Judge Rules For Tribe, Against Michigan

Michigan recently lost its lawsuit against the Sault Ste. Marie Tribe of Chippewa Indians which wants to build a $245 million off-reservation casino in downtown Lansing. U.S. District Judge Robert Jonker ruled the tribe did nothing wrong by applying to have the Interior Department take the land into trust.

U.S. District Judge Robert Jonker recently threw out Michigan Attorney General Bill Schuette’s lawsuit seeking to block the Sault Ste. Marie Tribe of Chippewa Indians’ from having the U.S. Department of Interior take into federal trust land it owns in downtown Lansing, in order to build a 5 million Kewadin Lansing Casino off-reservation casino next to the convention center. Jonker ruled the tribe did nothing wrong by requesting the land be placed into trust. The tribe also wants to build a casino in Huron Township in Wayne County near Detroit Metropolitan Airport.

The tribe purchased both sites under the Michigan Indian Land Claims Settlement Act. The Indian Gaming Regulatory Act typically prohibits gaming on land acquired after 1988, but IGRA contains an exception for land claim settlements.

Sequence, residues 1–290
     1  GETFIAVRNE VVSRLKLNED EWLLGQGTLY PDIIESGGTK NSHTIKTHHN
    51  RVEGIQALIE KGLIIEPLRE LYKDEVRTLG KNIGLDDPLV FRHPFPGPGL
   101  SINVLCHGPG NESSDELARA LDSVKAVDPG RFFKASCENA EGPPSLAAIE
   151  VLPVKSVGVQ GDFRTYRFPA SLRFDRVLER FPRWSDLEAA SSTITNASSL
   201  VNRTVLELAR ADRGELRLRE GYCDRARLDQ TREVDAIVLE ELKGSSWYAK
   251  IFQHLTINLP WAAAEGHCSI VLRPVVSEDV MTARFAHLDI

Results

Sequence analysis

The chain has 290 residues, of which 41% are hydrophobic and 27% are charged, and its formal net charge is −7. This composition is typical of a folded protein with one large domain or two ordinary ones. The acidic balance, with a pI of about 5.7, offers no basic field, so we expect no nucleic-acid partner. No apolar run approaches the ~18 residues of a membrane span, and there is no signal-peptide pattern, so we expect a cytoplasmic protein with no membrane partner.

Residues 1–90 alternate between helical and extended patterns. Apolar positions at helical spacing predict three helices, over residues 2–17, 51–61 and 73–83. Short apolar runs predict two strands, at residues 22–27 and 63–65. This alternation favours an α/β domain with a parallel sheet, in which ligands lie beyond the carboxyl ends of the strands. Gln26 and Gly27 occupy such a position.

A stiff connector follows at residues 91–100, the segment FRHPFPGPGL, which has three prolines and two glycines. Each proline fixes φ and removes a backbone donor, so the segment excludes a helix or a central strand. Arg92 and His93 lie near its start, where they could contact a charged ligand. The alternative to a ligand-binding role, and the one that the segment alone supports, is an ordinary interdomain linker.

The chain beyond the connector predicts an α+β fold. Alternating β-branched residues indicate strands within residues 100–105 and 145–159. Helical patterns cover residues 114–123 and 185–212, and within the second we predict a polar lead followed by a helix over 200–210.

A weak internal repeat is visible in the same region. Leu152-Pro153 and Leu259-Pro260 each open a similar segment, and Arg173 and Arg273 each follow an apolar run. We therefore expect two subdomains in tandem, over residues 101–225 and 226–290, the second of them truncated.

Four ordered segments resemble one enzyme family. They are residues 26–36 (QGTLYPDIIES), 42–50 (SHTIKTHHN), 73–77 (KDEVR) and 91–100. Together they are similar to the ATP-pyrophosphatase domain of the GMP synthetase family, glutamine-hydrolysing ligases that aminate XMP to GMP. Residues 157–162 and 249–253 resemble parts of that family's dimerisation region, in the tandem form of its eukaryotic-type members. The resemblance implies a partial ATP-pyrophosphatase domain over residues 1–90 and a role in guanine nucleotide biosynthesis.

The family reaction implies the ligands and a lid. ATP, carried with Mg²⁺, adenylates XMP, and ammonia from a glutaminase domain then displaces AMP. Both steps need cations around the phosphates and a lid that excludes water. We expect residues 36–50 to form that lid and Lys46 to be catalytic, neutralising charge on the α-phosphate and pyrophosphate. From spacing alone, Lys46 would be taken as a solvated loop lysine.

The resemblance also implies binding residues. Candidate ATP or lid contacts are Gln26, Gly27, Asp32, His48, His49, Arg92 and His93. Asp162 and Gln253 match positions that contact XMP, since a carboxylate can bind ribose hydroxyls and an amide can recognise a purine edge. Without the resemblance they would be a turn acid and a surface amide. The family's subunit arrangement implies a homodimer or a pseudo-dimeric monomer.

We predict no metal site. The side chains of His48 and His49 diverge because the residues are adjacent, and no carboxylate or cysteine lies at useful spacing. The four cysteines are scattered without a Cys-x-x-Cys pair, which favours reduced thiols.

Tribal Chairperson Aaron Payment said, “The ruling is a clear signal that the Sault Tribe is within our rights to pursue the casinos, which will create thousands of good jobs for mid-Michigan and southeast Michigan, and millions of dollars in new revenues for the two regions and the entire state.”

Lansing Mayor Virg Bernero added, “Today’s ruling reaffirms that right and represents another significant step along the path to success, which will bring thousands of good-paying jobs to Lansing.”

However, Sara Wurfel, spokeswoman for Governor Rick Snyder, said his office and the attorney general are discussing possible next moves. “We continue to believe that the tribe’s unprecedented efforts to open a casino located hundreds of miles from its reservation is a violation of our mutual Tribal-State Gaming Compact, establishes a dangerous precedent and poses serious consequences for the state and other Indian tribes within Michigan.”

The tribe believes the Bureau of Indian Affairs is required by law to take the land in trust. But even if it gains BIA approval, the tribe expects more litigation by the state and other Michigan Indian tribes who point to a provision in the Class III gaming compact requiring all tribes in the state to agree to any off-reservation casinos.